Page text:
To address the impact of COVID on marine protected and conserved areas (MPCAs), the new paper gathered a mixed group of MPCA practitioners and non-MPCA experts. The latter were people from the technology and finance sectors, to help address how advances in those fields could strengthen or otherwise impact MPCAs.
We collected 15 MPCA case studies from across the globe to see how COVID has impacted their current work. We discovered that there were several factors that dictated whether a site was particularly vulnerable or resilient to the pandemic. These included whether the site had sustainable financing, and how its management and communications were structured, among other factors. For each of these, our paper looked at opportunities for learning from the experience of the pandemic and ensuring more effective management in the future. Notably, we found an increasing role for emerging and applied technologies in MPCA management going forward.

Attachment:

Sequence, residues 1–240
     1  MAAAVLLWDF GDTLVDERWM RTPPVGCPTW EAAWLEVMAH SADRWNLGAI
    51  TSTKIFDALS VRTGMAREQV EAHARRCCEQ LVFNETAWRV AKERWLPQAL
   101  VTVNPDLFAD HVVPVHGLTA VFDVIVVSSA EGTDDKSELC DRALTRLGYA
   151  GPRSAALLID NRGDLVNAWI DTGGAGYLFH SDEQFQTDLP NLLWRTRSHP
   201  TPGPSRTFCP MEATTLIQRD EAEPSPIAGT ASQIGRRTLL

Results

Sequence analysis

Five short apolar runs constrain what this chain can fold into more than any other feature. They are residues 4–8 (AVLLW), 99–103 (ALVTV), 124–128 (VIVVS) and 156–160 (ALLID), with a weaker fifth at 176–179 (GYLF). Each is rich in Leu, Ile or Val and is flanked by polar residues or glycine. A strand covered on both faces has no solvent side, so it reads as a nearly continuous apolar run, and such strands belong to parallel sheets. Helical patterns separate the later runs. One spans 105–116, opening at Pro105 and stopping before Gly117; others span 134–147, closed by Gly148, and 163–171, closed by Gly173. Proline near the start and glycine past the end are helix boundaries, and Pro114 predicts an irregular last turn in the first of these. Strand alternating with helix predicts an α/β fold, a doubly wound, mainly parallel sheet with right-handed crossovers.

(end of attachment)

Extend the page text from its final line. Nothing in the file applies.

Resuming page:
It is important to recognize that MPCAs – which often have the dual goals of conservation and sustainable development – are a part of complex systems addressing economic, social, and ecological interactions. The drivers and threats to these systems can also be complex. I propose it would be useful for the MPCA community to start considering concepts from complexity theory – a field of research that examines the handling of uncertainty in management – to understand the behavior of these systems. This could help management agencies to adapt to a world where pandemics and other extreme shocks are predicted.
MPA News: Along that line, few MPAs foresaw a disruption like COVID-19 occurring, and fewer had a contingency plan in place for something like it. How can MPAs plan for unknowns like this?